PDCA is About Not Telling Lies

By Jon Miller Updated on May 15th, 2017

This circle doesn’t lie. In fact one could say that used properly, it is a truth-generator. In a section discussing problem solving, experimentation and PDCA, the book Extreme Toyota by Emi Osono, Norihiko Shimizu and Hirotaka Takeuchi quotes Toyota Senior Advisor Yoshio Ishizaka:

“From my 40 years of experience with PDCA at Toyota, it’s about not telling lies. This may not be so obvious, but it’s all about being honest. Toyota culture emphasizes honesty.”

This is another way of saying that they are very good at management by fact. By nature, facts themselves are not lies. How one uses them is a different matter, and in this statement by Ishizaka there is a deep insight into how Toyota uses the A3 thinking process to get the facts on one sheet of paper and how it uses the PDCA process to experiment and learn through failures.

The difference between “tell the truth” and “not tell lies” seems small but it is in fact a huge difference. We know when we are lying. We don’t always know what the truth is. We need PDCA to help us find the truth.

  1. Robert

    December 1, 2008 - 11:37 pm

    Sometimes we can lose a lot if we tell the truth (what we think is the truth). Sometimes we can lose someone we love because of that. It can’t be our PLAN. In this case DO is very hard. To say the right words, CHECK the reaction and ACT quick and smart.
    How easy it is to write and how hard it is to do…

  2. Jon

    December 2, 2008 - 1:09 am

    Hi Robert,
    I think the lesson is that we need to take time to plan, understand the problems clearly and deeply, explore many countermeasures, then check and act swiftly on what we’ve learned.

  3. John Santomer

    December 3, 2008 - 7:37 am

    If everyone is committed to the goal, then there is no need to keep anything secret. In fact it is essential that all are informed every step of the way to assure that every resource is utilized and working to achieve the same set of goals. The problems begin when secrets are being kept, it downplays the strength of the group to maximize its true potential and overcome the situations that can be construed as road blocks. Some misguided members of the group may view it in their “best interest” not to inform everyone. On the contrary, the secret itself presents another problem of being disclosed at a later stage when it already poses as a major stumbling block. The PDCA Cycle asserts the procedures that are needed to assure realization of the goal and achieve its full circle. At a level up – secure sustainability upon completion and strive to seek continuous improvement.

  4. Robert

    December 9, 2008 - 1:18 am

    If everyone is committed to the (same) goal… sometimes we fail to discuss what is this goal in details. Sometimes we only THINK that everyone has the same opinion about the goal.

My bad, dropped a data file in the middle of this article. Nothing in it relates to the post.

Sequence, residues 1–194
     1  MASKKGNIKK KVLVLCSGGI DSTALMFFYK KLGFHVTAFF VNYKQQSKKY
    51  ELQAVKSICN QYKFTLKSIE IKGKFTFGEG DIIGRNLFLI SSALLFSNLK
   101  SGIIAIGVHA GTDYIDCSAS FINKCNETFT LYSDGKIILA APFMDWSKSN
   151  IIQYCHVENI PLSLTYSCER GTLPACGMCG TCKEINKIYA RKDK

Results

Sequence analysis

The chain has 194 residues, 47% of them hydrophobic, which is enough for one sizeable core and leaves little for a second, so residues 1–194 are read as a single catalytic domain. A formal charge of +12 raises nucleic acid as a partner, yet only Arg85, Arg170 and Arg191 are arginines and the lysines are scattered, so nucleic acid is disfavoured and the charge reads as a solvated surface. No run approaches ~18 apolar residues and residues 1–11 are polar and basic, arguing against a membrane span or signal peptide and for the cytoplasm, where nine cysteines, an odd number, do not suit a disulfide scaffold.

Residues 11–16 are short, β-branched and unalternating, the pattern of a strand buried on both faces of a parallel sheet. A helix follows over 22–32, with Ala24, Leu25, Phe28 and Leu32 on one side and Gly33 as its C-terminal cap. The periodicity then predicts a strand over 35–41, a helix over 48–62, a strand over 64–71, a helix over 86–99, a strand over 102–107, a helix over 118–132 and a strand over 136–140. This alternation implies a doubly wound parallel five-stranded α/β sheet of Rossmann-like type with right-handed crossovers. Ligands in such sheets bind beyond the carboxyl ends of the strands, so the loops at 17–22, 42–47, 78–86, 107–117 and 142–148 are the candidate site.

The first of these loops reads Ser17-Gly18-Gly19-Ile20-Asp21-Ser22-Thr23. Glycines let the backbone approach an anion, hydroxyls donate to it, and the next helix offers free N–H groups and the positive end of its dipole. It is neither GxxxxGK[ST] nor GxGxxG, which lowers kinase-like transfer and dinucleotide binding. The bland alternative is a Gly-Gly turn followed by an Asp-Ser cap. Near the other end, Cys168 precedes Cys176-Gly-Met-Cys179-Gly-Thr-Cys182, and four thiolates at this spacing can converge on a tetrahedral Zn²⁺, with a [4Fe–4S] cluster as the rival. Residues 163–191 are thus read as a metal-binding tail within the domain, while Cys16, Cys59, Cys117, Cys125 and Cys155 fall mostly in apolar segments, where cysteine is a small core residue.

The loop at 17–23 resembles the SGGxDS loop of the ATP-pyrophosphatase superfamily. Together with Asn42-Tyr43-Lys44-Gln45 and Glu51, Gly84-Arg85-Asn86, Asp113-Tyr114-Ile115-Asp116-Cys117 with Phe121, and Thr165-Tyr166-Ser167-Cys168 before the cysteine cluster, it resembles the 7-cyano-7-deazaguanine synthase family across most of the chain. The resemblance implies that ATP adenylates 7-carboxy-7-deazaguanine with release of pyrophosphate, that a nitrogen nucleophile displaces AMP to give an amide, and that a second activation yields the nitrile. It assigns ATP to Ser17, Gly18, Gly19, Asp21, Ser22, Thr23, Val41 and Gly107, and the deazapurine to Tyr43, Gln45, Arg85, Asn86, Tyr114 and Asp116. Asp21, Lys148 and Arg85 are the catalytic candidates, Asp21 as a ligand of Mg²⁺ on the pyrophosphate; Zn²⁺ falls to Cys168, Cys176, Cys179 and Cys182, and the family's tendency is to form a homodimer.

I don’t quite understand John’s comment about secrets. Does it mean that every small detail must be analysed and discussed in the team regardless of the fact, it is not a problem? Should we make the problems or solve them? What if i can do it alone and don’t need help? What if i inform the team only about the results and ask for help only if i need it? Do i keep secrets?

  5. John Santomer

    December 14, 2008 - 1:26 am

    A secret is something that was done without informing the the group after it has already agreed at a strategic plan. In a way the PDCA cycle provides the outline of the strategic plan. The strategic plan is not a problem, it unifies all the resources of the group to gravitate to the agreed goal/s. All plans have levels of detailing that falls in the WBS. Even the Strategic Plan can be a WIP as obstacles present themselves which were not seen in the initial stages. When the plans escalate all the way down and laid in the WBS, it is hoped that all detailing has been made clear to all members of the group.
    Even if I do not need help from the group, I would certainly inform them of my own initiatiative as it may in some way affect other on-going jobs that other members of the group are currently involved in.
    Having a personal signature of being a Restorative and Developer dictates me to solve problem and not make them, if possible, avoid them altogether by good planning. As a group and being a member in the group, may I ask what value is there to keep a secret if all members of the group are agreed to achieve its goals? Most specially if it concerns tasks related to the goals of the group. I could also learn from your explanation.

  6. John Santomer

    December 14, 2008 - 6:54 am

    When one does not tell the truth and does not lie – it can be called a secret. Undiclosure is secrecy, how one uses facts is a totally different matter…irrespective of what the results of keeping secrecy, whether its an accomplishment or a failure. The mere fact that we are part of a group means that every part of its initiative should be a team concerted and agreed effort- no matter how big or small. But then, I could be wrong…assuming that every member could accept the same line of thinking.

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